- Author: Brad Hanson
Two links to recent BBC news articles on invasive weeds.
The first one is about a weed that should be familiar to anyone who has traveled in much of the intermountain west - cheatgrass (Bromus tectorum). The BBC article entitled "Wildfires fanned by invasive grass species" is a popular press discussion of recently article by Balch et al. in the scientific journal Global Change Biology. The focus of the research and reports was to discuss the effects that this fast growing (and fast dying) weed has on fire cycles and fire severity in the western US. Very interesting!
The second one, "
Yellowflag iris (Iris pseudacorus L.), native to Europe, is an emergent invasive of pond margins, ditches, and other wetland sites in much of the United States. It forms dense stands which displace native sedges and rushes, reducing waterfowl habitat and water flow. Yellowflag iris reproduces by seeds and through rhizome fragmentation. The rhizomes make it hard to remove mechanically. Accessing an infestation for making herbicide applications can be problematic. Because of its height and density, and because it grows in shallow water and mud, yellowflag iris is difficult to treat with hand-held booms or mounted...
- Author: Gale Perez
Small smutgrass (Sporobolus indicus) is a grass that grows well in irrigated pastures but is not palatable to livestock. So what happens if it grows well and it doesn't get eaten? It takes over the pasture! Learn some simple control measures that will keep this weed in check.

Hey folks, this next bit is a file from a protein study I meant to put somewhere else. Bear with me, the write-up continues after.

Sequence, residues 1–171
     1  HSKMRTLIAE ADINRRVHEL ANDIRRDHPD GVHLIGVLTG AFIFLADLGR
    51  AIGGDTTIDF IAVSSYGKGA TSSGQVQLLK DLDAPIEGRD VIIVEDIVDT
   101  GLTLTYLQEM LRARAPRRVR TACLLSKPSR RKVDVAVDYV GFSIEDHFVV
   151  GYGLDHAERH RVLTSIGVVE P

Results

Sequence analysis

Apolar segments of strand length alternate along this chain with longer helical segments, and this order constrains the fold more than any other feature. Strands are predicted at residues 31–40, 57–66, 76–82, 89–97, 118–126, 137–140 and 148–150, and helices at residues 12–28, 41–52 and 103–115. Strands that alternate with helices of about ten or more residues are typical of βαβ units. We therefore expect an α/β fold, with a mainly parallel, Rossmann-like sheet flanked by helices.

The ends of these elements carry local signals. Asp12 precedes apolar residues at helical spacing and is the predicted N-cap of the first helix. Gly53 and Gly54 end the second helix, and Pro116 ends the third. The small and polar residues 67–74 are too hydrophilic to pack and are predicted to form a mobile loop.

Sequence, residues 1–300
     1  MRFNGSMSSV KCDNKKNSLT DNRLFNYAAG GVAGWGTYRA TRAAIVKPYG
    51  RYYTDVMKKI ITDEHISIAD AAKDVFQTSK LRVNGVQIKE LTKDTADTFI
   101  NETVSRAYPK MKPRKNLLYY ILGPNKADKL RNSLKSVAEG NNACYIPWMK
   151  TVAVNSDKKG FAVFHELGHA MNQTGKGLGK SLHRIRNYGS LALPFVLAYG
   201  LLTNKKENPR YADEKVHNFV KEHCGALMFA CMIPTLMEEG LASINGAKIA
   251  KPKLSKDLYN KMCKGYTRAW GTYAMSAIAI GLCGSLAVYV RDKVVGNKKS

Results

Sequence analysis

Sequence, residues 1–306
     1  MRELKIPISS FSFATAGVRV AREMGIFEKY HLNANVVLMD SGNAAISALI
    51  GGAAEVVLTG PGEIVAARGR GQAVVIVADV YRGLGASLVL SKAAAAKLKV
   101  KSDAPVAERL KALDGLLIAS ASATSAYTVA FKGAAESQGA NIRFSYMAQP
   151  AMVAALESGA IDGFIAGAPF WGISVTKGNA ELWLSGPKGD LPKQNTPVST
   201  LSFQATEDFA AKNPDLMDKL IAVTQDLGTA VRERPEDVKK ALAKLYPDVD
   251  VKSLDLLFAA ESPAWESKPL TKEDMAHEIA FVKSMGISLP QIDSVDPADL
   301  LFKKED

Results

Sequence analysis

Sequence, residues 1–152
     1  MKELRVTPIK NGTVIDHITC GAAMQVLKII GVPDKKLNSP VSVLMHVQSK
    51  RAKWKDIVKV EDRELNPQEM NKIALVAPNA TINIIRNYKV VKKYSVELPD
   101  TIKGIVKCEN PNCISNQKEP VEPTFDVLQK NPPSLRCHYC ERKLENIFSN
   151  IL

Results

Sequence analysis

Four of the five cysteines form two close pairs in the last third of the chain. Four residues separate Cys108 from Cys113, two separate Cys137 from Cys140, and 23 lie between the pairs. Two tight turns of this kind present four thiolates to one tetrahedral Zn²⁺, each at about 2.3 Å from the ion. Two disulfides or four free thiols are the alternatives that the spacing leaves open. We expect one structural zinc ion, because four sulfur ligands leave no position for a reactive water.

- Author: Brad Hanson
Last Thursday (July 19th) was the 56th annual UC Weed Day at the Davis campus.
We had a really good turnout again this year with just under 150 participants including weed science researchers, students, farmers, land managers, pest consultants, and government agency people in attendance. Cooperative Extension Specialist Tom Lanini organized the morning field tour and afternoon presentation session and ordered up really great weather for the day.
We started out on campus for registration and signing up for various continuing educaton credits before heading out on two buses and a parade of trucks and vans to the...
The Mediterranean annual grass barb goatgrass (Aegilops triuncialis) is widely hated by land managers, and with good reason. Grazers avoid its tough, silica-rich foliage. In early summer it produces big, centipede-like, spiny-awned seedheads, which we call “crotch rockets” on account of what they do when they get inside your pants leg. Barb goatgrass is also tolerant of serpentine soils, presenting a threat to some California endemic species. Many ranchers consider this grass a greater problem than medusahead.
As with any invasive grass, it is difficult to selectively remove barb goatgrass from grasslands. Because it goes to seed late in the season, after most desirable...